29 Arab Supremacy 1981 – Darfurian Arabs demand more representation and control The Tajamu al Arabi organization, also known as the “Arab Gathering” creates militant Arab supremacy movement that pushes for Arab representation in government and majority rule in Darfur Prior to Darfurian governor elections, the Arab gathering had published and sent a letter to the government threatening more Arab representation. They published the “Quraish Manifesto” after election of Fur governor, which preached the supremacy of the Abbala and Baggara Arabs as pure Muslim descendants of Mohamed and called Arabs to action against Africans. Hilal receives arms from Ibn Omar, leader of Chadian opposition front (CDR) sympathetic to his cause 1989 conference – Warring Fur and Janjaweed militias disarmed at conference

30 Darfur —First conflict in Darfur between Fur militias and the Abbala Arabs Janjawiid Native Administration Council—NAC – Recreated by Sudanese government to find solutions between groups –Could not find solutions. Renewed conflict in 1994 –Gave land to certain ethnic groups as means of reinforcing central authority

31 Government Backing of the Militias and Arab Rule Militia used by government in two ways: 1) tool of military control and 2) to mask ethnic conflict 1991, SPLA enters Darfur and Militias used by government for first time 1994 – Ali al Haj, the Arab Minister of Federal Affairs, divides Darfur into three regions. More leadership positions go to Arabs, while non-Arabs made into minorities

32 The Masalit Conflict Governmental leaders known as “Amirs” arm themselves and persecute the Masalits, a non-Arab Darfurian tribe 1999: General Mohamed al Dabi from Sudanese Army sent to Darfur by Bashir in Khartoum to train youth militia, worsening militarization of the conflict For first time militia leaders are paid by government 2000: Arab becomes North Darfur governor and support for Janjaweed increases 2001: SLA growing and Arabs recruit for Janjaweed with promises of benefits October 2002: 1 st offensive against non-Arab civilians. Sudanese government ignores this and never punishes Janjaweed

33 Reflections and Analysis Riverine Arabs believed that the Bedouin Arabs in Darfur were less Arab than themselves, even though the Bedouins trace lineage directly to Mohammed. Thus, they tried to “arabize” Darfuris and promoted Arabized Darfuris to prominent government posts. African versus Arabs is way too simplified to understand this conflict SPLA influenced “Africans” and SLA which used to be Darfur Liberation Army. Visualization of conflict—a Westerner would imagine this as a conflict between light skinned Arabs and dark skinned Africans. Americans especially imagine aggressive Arabs as terrorists and black Africans as an oppressed people. When the two are combined, Westerners see light-skinned, dominant terrorists oppressing poor black people. This is not the case, both sides share a nearly identical skin tone. The term genocide further polarizes two sides by making them believe that the conflict is all about race, and if one side does not defend itself, the other will wipe them out causing more people to pick up arms. This escalates the violence.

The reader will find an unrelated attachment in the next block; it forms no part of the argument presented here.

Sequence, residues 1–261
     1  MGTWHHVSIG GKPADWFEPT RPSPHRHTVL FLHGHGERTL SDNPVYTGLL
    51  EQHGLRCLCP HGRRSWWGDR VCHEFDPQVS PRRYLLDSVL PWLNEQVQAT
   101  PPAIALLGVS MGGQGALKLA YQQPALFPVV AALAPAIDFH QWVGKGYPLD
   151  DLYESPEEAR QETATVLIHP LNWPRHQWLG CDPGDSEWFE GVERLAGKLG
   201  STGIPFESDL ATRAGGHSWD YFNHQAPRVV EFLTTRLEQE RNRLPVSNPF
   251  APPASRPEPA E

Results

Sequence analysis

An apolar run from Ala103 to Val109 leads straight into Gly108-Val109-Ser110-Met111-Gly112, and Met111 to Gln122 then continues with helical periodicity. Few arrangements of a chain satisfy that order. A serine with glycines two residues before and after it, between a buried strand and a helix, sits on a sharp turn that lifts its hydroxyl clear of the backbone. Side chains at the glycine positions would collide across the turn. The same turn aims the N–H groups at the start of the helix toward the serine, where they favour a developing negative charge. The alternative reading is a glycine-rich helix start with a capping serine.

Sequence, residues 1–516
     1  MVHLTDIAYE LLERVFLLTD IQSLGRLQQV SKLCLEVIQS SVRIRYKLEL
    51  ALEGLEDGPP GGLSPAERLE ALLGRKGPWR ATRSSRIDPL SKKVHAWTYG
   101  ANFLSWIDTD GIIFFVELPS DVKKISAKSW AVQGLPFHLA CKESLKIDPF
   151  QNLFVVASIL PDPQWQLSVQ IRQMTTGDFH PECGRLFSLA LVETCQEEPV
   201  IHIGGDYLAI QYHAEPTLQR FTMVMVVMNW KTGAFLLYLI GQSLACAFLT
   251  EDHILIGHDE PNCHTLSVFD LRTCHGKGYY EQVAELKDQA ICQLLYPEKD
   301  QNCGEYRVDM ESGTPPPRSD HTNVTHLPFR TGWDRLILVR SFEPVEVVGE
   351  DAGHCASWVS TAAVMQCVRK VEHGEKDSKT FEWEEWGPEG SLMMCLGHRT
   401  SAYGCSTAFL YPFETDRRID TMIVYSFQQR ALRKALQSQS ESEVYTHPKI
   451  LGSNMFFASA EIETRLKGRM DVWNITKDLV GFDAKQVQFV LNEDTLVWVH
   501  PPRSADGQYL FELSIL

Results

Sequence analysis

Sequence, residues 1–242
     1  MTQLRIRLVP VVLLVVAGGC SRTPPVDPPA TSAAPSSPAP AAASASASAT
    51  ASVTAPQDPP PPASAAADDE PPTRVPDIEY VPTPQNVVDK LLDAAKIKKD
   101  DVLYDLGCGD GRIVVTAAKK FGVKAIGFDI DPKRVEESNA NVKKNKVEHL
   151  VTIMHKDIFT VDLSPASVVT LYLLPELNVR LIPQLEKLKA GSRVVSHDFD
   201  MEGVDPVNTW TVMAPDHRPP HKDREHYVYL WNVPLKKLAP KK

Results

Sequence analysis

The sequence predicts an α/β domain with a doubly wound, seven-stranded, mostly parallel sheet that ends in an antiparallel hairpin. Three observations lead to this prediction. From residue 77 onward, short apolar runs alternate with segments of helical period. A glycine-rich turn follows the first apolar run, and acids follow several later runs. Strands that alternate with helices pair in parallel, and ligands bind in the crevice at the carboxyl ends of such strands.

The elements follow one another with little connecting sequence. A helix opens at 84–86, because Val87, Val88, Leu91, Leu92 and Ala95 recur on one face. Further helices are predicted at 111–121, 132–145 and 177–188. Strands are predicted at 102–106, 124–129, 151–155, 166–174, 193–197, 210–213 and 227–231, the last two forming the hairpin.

34 References (2006, June 22). Chad: Armed Groups Maraud along Sudan Border. Retrieved November 17, 2006, from Human Rights Watch Web site: (2006, November 15). Chad/Sudan: End Militia Attacks on Civilians. Retrieved November 15, 2006, from Human Rights Watch Web site: (2006, June 28). Chad/Sudan: Sowing the Seeds of Darfur. Retrieved November 15, 2006, from Amnesty International Web site: Hennig, R (2005, September 7). Eritrea, Chad Accused of Aiding Sudan Rebels. Afrol News Online, Retrieved November 19, 2006, from Holliway, R (2006). Sudan/Darfur/Chad. Retrieved November 27, 2006, from CountryWatch Web site: (1991). Libya. Retrieved November 19, 2006, Web site: (2006, November 22). Mubarak, Gaddafi, and Al-Bashir Discussed Means for Achieving Peace in Darfur through an International Effort. Retrieved November 30, 2006, from Egypt State Information Service Web site: Reuters, (November 20, 2006). West's Oil Greed behind UN Darfur Push: Gaddafi. Retrieved November 30, 2006, from TradeArabia Business News Information Web site: (2006). Sudan-Chad Peace Deal. Retrieved November 19, 2006, from Arab Media Watch Web site: Flint, Julie & De Waal, Alex. (2005). Darfur: A Short History of a Long War. New York: Zed Books. de Waal, A. (2005). “Who Are The Darfurians? Arab and African Identities, Violence and External Engagements.” African Affairs, 104/415, , Retrieved November, 2006 from JSTOR database